As a NPD practitioner associated with Product Development Management Association (PDMA) of USA, I take a passionate interest in knowledge related to the practice of innovation in organizations. I recently bought a book titled – 8 steps to innovation – Going from Jugaad to Excellence by Mr.Vinay Dabholkar and Rishikesha T. Krishnan.
And, I will critic the author’s presentation on the topic of innovation (a little play as a Devil’s advocate included!) as they build an abstracted approach (8 steps) to innovation based on their observations related to innovations across organizations.
Please note that as a NPD practitioner, I am open to fresh thoughts and perceptions related to the field and in no way my criticism is presented in comparison to my existing knowledge learnt from PDMA (albeit a structured process like Stage-Gate is proven successfully across organizations in the world).
The 8 steps to innovation does not seem to be a structured and sequential process. And I believe, these steps are the result of insights that the authors have gained while understanding the process of innovation in various organizations.
This brings me to the question: What should be the basis or platform on which I can critic the authors work (insights) that defines 8 steps to innovation?
I picked the title of the book: 8 Steps to Innovation – Going from Jugaad to Excellence.
Excellence, as I understand, is the quality or state of superiority achieved by an organization by proving her ability to repeat success consistently across measurable performance indicators. And, Jugad implies an inexpensive and coarse solution to a problem.
And, I was wondering if the authors tried to hand-hold organizations in moving from Jugad to Excellence by building a systematic process of innovation by executing a sequence of 8 steps.
The authors seem to have made some headway by attempting to systematize “fuzzy front end” of innovation (building an idea pipeline). But, increasing the idea velocity and improving the batting average looked disconnected to be part of a systematic innovation. Here’s why:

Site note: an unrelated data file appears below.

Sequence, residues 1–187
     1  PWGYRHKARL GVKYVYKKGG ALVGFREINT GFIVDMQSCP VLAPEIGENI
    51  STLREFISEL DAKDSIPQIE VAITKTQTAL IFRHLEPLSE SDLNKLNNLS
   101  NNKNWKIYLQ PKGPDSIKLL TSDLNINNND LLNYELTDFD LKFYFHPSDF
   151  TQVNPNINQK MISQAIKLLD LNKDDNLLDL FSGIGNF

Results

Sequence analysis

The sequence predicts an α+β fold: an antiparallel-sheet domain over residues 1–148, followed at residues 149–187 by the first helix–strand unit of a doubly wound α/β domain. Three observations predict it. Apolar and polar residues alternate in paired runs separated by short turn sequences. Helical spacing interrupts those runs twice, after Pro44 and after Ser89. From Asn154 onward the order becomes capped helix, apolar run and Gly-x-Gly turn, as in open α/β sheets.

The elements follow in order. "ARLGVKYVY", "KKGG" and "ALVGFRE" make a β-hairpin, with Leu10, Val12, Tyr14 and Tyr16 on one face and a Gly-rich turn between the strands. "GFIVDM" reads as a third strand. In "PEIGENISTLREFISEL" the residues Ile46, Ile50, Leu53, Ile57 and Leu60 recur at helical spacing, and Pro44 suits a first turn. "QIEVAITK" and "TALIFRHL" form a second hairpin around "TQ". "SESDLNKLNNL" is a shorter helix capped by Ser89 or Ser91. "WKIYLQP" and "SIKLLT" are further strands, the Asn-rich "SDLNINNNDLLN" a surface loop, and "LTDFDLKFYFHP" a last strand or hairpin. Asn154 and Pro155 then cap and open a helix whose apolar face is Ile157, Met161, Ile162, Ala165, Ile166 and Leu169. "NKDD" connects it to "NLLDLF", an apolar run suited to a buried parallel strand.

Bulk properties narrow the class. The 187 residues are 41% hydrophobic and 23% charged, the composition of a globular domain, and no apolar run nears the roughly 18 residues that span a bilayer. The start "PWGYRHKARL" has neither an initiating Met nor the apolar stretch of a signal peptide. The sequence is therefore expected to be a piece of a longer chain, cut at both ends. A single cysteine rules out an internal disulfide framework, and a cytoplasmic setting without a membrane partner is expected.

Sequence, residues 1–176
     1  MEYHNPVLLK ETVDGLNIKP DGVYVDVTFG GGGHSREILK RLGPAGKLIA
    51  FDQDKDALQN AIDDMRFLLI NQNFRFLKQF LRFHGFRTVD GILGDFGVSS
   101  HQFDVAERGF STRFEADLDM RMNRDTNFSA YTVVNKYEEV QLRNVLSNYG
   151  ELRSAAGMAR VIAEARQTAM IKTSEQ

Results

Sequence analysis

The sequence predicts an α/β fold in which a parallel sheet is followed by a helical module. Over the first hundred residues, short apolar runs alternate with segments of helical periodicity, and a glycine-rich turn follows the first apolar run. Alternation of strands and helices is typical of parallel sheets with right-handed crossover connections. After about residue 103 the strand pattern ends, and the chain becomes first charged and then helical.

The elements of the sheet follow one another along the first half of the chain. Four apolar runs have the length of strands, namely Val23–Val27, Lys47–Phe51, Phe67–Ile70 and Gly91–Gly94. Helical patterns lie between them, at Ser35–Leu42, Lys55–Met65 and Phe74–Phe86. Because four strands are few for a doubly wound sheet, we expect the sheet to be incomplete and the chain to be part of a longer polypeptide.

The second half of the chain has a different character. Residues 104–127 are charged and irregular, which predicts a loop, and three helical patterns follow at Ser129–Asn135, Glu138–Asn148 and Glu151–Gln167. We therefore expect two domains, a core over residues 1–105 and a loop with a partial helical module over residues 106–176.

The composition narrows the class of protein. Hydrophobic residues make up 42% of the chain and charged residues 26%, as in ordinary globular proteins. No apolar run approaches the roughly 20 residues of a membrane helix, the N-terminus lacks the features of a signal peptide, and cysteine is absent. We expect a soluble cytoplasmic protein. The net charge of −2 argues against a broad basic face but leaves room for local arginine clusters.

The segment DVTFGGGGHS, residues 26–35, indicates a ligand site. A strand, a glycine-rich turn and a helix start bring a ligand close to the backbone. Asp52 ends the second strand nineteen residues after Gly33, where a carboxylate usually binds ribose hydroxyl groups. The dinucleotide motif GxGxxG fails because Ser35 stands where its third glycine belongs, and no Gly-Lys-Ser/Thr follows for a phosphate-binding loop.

- Once an organization has a net of ideas, there has to be a process to evaluate these ideas based on customer requirements/ market potential. This crucial step that evaluates if the idea has a market (or not), is implemented in Step 6 (iterate on the business model) AFTER development and incubation steps are completed (Steps 4 and 5)!
- Also, in the steps for improving batting average, authors borrow a phrase from one of the top 100 management thinkers in the world, Mr.C.K.Prahlad, “Innovation Sandbox”. Prof.Prahlad uses the phrase in the context of defining constraints WHILE designing the specifications for the product, that is, when the product is BEING developed (Step #4 as mentioned by the authors).
To me it is like the authors really do not mean that the steps should be executed in sequence! Hence, my observation of disconnect as noted above.
In conclusion, I feel that the authors have made a hotchpotch attempt to put together a set of seemingly disconnected processes that may not present a comprehensive or a structured process for taking organizations towards systematic innovation, which eventually helps them towards a path of excellence in innovating new products. On a positive note, I appreciate the case examples presented by the authors on innovations in various organizations.